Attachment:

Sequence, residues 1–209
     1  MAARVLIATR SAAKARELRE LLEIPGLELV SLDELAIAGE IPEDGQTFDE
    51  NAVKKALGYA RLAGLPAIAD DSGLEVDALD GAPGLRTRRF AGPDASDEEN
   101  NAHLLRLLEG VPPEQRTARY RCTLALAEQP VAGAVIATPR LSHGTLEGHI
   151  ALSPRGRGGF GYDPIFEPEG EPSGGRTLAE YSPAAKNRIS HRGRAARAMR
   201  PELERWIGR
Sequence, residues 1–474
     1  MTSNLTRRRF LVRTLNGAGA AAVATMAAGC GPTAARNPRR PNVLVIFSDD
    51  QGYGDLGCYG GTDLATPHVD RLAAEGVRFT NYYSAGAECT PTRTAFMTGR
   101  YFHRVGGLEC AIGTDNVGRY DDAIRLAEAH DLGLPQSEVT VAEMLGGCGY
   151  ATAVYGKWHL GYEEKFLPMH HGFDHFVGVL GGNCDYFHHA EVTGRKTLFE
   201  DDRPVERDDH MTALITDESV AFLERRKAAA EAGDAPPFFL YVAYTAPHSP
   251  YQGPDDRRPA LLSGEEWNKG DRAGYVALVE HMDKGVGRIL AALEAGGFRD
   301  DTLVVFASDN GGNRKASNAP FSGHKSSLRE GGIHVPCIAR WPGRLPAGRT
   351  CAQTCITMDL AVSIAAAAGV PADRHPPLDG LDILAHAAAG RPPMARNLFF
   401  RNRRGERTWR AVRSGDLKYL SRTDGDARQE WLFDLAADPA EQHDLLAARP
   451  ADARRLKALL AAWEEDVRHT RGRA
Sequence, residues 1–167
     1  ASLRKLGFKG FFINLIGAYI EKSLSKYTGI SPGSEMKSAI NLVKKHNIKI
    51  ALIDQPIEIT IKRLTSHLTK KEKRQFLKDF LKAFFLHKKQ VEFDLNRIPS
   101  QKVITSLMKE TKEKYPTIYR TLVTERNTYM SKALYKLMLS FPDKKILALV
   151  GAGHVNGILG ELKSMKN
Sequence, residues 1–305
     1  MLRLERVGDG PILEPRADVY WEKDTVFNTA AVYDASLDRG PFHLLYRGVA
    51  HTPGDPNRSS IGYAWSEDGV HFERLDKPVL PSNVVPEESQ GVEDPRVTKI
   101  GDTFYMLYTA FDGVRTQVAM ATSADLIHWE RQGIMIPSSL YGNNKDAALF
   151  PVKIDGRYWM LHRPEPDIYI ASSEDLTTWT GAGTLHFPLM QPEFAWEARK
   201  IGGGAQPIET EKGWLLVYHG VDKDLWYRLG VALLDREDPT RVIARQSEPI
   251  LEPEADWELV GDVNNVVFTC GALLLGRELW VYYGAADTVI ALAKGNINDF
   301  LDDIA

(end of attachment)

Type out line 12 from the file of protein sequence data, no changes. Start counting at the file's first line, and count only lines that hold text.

   201  DDRPVERDDH MTALITDESV AFLERRKAAA EAGDAPPFFL YVAYTAPHSP